What is Annealing?
June 3, 2010
One of the most important concepts to learn before working with glass is annealing. The process of annealing glass is to cool it slowly enough to let the entire thickness cool with very little difference in temperature from the core to the surface. Since glass insulates very well, this can take a long (sometimes very long) time.
What we call the annealing point is the temperature just below the freezing point, which is just under 1000°F for most soda-lime “soft” glass. At this temperature, the glass is cool enough that it no longer moves or slumps with gravity, and hot enough that it cannot begin to build up stress in the glass. If glass is held at this temperature long enough (about 1 hour per ¼ in. of thickness), it will relieve any stress, and cooling can begin from there.
But what is the stress? Almost everything expands when it heats up and contracts when it cools down. This is because the molecules move or vibrate more with heat, and they need more room around them to move, making the object expand. If the core of a piece of glass is still hot when the outside surface is cooling and therefore shrinking, the outside surface cannot stretch around the core. This is what is referred to as stress, which cracks glass. So stress is really the squeezing of the surface of glass around a hotter core; heating it too quickly it will stress the glass also.
To properly anneal glass, it must first sit at the annealing point long enough for the entire thickness to become even in temperature, and then the high-temperature cooling may begin. This must be the slowest rate of cooling from the annealing temperature to what is also called the high-temp strain point. After this point, the rate of cooling speeds up to the low-temp strain point. Then it can finally cool at the fastest rate to room temperature.
Every different glass batch formula has a specific rate at which it must cool. This is measured as the coefficient of expansion or (COE), which is how much the glass grows with each degree of temperature. Before figuring your annealing cycle, you need to know the COE from the manufacturer. All glass manufacturers and vendors of glass made for melting have charts listed for annealing their glass online. They provide the annealing, high-temp cooling (HTC) and low-temp heating (LTH) temperatures, and the degrees per hour it can cool between them. You must simply follow the chart for the thickness (usually rounded up tooth nearest ¼ in.) and see how many degrees per hour it can cool between those points. Because all different glass has a different COE, you cannot mix two different types of glass together. This is known as incompatibility, and no amount of annealing can allow them to “fit” together.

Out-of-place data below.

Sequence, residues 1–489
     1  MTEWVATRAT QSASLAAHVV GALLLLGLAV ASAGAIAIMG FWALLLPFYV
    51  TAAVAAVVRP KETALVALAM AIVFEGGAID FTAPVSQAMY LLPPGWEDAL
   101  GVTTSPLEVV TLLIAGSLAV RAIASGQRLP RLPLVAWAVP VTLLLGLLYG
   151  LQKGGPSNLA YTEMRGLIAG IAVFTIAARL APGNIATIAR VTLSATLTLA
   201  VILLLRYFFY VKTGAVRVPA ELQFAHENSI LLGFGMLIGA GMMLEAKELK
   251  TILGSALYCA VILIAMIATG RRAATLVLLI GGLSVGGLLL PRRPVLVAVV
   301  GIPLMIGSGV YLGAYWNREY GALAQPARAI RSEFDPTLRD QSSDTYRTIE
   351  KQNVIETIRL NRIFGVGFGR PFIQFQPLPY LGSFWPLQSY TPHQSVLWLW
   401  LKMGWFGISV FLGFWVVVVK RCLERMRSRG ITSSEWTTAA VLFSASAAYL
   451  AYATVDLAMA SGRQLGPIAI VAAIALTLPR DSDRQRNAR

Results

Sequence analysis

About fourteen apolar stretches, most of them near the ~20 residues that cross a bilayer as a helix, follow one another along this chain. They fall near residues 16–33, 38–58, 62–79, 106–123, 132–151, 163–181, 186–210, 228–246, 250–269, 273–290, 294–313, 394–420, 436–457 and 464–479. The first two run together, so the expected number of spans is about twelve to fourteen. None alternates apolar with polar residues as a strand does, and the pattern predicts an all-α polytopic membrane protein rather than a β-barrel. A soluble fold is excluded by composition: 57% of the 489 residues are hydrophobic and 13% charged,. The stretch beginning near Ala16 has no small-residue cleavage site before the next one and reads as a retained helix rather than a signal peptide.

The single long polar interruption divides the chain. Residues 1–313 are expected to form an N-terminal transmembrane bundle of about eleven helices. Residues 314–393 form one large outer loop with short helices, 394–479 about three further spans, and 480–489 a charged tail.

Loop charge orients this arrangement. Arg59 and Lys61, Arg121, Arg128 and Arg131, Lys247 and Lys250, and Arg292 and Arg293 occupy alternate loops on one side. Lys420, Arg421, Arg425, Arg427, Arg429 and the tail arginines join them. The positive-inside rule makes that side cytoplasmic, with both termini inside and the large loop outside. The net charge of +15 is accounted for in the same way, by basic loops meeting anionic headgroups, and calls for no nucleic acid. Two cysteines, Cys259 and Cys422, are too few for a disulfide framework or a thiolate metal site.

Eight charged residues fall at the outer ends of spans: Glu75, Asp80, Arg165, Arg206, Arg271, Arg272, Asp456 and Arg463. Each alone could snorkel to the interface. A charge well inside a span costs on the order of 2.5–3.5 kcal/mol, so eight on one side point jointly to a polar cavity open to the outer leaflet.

The annealing of glass becomes exponentially longer with thickness. If you double the thickness, you have to more than double the annealing time. For example, .5-in.-thick glass at 90 COE anneals for about 5 hours total, a 1-in.-thick piece anneals for 14 hours, 3-in. for 99 hours, and an 8-in. piece for 654 hrs (or about a month).
I want to leave you with one last interesting fact. We know that the molecular structure of glass stays random when it freezes, rather than crystallizing. This is where the theory of “glass may still be moving under the annealing point, just very slowly” comes from. Did you ever hear someone say that this is why the glass at the bottom of old windows is thicker? Well, if this were true about glass that is probably no more than 200 years old, wouldn’t glass from ancient Greece, or Egyptian glass, or especially glass from Mesopotamia (up to 5000 years ago) be a puddle by now? The reason the glass is thicker at the bottom is because it is hand-blown glass and cut square from a large roundel, or plate. Blown plates are always thinner at the edge because of centrifugal force when they are spun flat on the end of a pipe. The window maker would always place the panes of glass in the frames with the thickest part on the bottom.